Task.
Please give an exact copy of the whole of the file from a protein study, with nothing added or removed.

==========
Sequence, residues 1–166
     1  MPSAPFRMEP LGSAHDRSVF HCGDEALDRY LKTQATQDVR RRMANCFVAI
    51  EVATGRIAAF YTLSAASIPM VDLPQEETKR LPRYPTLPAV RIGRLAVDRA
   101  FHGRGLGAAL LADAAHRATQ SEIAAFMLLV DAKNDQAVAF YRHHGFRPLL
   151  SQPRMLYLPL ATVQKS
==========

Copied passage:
Sequence, residues 1–166
     1  MPSAPFRMEP LGSAHDRSVF HCGDEALDRY LKTQATQDVR RRMANCFVAI
    51  EVATGRIAAF YTLSAASIPM VDLPQEETKR LPRYPTLPAV RIGRLAVDRA
   101  FHGRGLGAAL LADAAHRATQ SEIAAFMLLV DAKNDQAVAF YRHHGFRPLL
   151  SQPRMLYLPL ATVQKS